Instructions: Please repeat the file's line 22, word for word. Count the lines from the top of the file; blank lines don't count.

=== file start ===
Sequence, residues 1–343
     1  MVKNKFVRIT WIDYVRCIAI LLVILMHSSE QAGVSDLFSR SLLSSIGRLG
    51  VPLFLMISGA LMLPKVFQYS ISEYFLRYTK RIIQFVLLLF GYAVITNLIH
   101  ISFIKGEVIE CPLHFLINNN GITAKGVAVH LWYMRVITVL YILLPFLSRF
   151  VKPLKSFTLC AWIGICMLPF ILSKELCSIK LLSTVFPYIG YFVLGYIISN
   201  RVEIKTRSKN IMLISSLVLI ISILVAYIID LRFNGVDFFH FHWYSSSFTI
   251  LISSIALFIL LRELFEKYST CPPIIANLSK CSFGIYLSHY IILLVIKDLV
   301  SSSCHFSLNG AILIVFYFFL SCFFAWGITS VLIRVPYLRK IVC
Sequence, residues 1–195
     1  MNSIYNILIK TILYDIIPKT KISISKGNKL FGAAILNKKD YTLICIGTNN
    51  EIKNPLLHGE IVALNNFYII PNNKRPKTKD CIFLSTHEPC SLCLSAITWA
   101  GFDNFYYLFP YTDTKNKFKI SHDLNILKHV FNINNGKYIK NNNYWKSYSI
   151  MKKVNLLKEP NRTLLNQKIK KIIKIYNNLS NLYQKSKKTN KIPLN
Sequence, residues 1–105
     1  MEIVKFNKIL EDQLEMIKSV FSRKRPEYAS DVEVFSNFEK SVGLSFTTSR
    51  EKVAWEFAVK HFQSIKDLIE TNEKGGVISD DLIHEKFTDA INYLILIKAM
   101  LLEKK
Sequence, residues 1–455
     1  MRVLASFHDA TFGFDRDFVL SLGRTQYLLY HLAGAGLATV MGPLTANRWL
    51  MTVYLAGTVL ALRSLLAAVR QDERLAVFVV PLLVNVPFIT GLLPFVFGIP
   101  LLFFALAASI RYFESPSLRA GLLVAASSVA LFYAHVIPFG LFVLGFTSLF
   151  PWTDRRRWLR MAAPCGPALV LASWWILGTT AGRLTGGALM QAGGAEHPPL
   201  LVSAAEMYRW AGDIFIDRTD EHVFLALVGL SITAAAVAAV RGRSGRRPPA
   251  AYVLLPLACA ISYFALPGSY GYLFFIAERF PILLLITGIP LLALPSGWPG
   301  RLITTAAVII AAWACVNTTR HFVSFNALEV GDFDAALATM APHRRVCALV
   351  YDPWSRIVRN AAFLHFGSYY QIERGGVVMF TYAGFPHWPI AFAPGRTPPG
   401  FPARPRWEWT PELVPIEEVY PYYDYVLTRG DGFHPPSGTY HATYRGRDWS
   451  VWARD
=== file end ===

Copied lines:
   151  PWTDRRRWLR MAAPCGPALV LASWWILGTT AGRLTGGALM QAGGAEHPPL